On Sunday evening I was once again performing stand-up comedy at a bar in Ilford called the IG1 bar. It was a hugely successful event and we always spend time with the crowd afterwards to find out what they thought and to get plenty of feedback. The overall feedback was that everyone really enjoyed themselves and wanted more! We had about 60 people come along and the setting was an open bar with round tables and people sitting around enjoying themselves. It’s the first time I think as a group that we have done an event in that kind of setting. It is usually the theatre kind of setting that we perform in so this brought with it a different kind of learning experience that and I really enjoyed. That setting for some reason just feels more intimate and personal and also I think because it reminds me of other comedians I’ve seen performing at similar events.
While I was there it was an opportunity for me to practise WFP1 – being in the moment. Just before it was my turn to perform and I centered myself and became present in the moment. I didn’t worry about how the future and how I would perform and I didn’t stress about the past and whether I had practised enough. I had someone ask me how to be in the moment and there are a few simple techniques. Try this one to begin with: While doing any movement, become consciously aware of the inner processes going on that allow that to happen. E.g. As you get ready to sip your drink, become aware of how it is all happening. How your brain is communicating that desire to your arm so that it then carries out the intended function.
This weeks focus point is slightly different and it’s more about tangible practise as opposed to inner awareness. I mentioned this on John Assaraf’s blog as it coincided with something he mentioned. How often do you sit back and observe your inner chatter? Most of that inner chatter is either evaluation or questions and a lot of the time it’s neutral but it’s the meaning we give to that which we think that creates what we perceive to be negative or positive. What do you think about yourself? If you have a low opinion of yourself you’ll no doubt you’ll feel bad when you think about how other people perceive you. If you have a high opinion of yourself you’ll look down at other people. Somewhere in the middle is a healthy respect for yourself and others. You don’t put yourself or others on a pedastol and you don’t negate yourself. To find the balance here is a good exercise you can try.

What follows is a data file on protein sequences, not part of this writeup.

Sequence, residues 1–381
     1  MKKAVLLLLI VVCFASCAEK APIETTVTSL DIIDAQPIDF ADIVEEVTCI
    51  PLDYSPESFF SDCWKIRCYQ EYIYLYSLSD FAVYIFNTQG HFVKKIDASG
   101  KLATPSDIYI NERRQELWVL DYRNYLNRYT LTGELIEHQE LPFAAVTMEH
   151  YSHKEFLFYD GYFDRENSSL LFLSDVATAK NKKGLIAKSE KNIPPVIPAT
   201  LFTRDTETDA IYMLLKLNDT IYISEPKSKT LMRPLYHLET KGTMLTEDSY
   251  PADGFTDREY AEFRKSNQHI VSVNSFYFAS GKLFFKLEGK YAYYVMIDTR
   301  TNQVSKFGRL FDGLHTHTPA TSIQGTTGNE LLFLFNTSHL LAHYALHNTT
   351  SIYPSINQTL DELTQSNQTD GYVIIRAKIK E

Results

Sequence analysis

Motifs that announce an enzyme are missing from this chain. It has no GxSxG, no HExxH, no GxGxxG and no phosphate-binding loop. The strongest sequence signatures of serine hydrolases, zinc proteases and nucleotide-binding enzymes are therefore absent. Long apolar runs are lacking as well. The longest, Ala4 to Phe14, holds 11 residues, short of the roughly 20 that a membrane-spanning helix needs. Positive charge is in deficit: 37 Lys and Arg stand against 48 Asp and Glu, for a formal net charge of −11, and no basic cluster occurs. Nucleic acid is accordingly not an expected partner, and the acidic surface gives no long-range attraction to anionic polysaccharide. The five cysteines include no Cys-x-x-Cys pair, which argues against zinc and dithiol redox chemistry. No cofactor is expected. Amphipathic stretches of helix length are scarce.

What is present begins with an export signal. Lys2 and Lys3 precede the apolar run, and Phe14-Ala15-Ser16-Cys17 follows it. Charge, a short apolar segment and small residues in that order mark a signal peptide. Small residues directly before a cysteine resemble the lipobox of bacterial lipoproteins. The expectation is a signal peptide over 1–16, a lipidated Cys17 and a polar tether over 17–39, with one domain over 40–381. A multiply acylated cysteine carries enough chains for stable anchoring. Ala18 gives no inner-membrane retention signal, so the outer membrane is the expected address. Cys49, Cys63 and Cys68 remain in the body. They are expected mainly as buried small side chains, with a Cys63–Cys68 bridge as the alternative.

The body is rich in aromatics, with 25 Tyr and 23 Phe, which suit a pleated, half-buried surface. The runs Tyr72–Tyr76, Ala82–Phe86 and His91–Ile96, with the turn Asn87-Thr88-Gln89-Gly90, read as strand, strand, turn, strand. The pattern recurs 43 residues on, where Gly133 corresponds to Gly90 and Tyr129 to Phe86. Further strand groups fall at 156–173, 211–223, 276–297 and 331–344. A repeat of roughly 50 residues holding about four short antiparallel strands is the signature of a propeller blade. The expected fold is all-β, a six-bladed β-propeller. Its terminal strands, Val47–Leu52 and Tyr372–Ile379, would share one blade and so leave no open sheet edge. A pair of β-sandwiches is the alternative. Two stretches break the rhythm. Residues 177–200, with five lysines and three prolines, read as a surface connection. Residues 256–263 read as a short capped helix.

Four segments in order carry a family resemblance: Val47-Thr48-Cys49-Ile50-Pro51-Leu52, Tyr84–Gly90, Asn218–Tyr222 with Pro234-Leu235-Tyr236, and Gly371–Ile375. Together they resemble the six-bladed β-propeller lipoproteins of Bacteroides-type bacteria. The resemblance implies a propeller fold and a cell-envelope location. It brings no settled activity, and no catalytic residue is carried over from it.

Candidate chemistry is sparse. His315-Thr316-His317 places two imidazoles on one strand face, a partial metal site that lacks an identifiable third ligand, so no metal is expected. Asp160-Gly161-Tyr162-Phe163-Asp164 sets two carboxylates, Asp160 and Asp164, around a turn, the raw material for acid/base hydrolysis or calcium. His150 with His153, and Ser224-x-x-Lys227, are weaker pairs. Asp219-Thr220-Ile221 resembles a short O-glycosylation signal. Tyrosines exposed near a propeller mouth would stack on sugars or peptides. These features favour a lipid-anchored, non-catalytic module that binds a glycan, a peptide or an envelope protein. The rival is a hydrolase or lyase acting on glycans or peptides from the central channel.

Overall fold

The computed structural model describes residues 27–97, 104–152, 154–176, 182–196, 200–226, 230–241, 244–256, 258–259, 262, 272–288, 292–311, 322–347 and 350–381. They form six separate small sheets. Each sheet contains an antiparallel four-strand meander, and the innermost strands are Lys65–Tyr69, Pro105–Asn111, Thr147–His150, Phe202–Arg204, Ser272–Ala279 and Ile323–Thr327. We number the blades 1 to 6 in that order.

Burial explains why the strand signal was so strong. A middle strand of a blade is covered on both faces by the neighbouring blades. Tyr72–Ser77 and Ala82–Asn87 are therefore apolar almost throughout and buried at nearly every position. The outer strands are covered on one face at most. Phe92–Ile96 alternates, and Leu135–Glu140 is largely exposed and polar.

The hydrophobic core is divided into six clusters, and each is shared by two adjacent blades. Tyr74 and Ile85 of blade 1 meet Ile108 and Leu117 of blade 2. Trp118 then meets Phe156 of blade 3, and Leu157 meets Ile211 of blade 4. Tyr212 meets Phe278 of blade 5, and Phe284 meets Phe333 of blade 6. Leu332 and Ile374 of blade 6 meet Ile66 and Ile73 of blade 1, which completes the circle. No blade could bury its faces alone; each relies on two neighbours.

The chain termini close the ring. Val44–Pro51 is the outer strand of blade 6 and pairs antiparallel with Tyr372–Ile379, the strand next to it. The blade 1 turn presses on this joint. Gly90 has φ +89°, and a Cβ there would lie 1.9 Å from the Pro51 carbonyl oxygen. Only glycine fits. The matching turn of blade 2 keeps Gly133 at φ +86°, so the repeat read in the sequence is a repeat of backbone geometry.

Many self employed people and in particular on personal development websites you will see that the person in question has written a 3rd person bio about themselves. If you’ve never done one before, try writing one! Even though I have done one for this blog I will be writing another one soon for a specific project I will be working on. In that bio I will be focussing more skills that concern that particular project.
It’s an interesting process and can be a bumpy one! We find it so easy to criticise ourselves and much harder to think highly about ourselves. Not in an arrogant way but in a way that condusive to not only bringing out the best in you but the best in others also. So grab a pen an paper or switch on your laptop and go ahead and write a 3rd person bio about yourself that is not arrogant but honest and that demonstrates qualities and traits you believe thats represents you as a wholesome character who oozes confidence and self respect.
Here’s one I made earlier!: 😆
“Amit is a man of many talents. Not only does he run his own business as a Life Coach but Amit also undertakes challenges and pursuits of a huge variety. Amit spends much of his time working with and coaching children from walks of life with the aim of self-empowering youths. Coupled with this Amit hosts a Radio Show called ‘Backchat’ which is a topical youth talk show aimed at the 13 – 25 market and it’s purpose it to not only talk about but tackle some of the toughest issues affecting the younger generation. Amit also volunteers at an organisation called PACE which is charity which encourages and promotes the inclusion of young disabled people in sports. In his spare time Amit is an amateur stand-up comedian and regularly appears as part of the Humili-Asian amateur comedy nights. So far Amit has performed in front of crowds of 200+ and believes that humour is one of the most powerful mediums through which human beings can be inspired. Amit is also a keen badminton player and has many other hobbies like chess, music, running, solving puzzles, reading, driving, travelling, and gadgets.”
There we have it, simple, to the point, gives some good information about me and lets people know what I do and makes it easy for them to connect with me. There’s always room for improvement but it’s a step in the right direction. Remember that the purpose of this exercise is to redress the balance in the way that you think about yourself and break the habit of the negative self talk that you might be used to and replace it with more constructive productive self talk.
As always try this exercise for yourself and if you wish post up your own personal bio here in the coments! 😉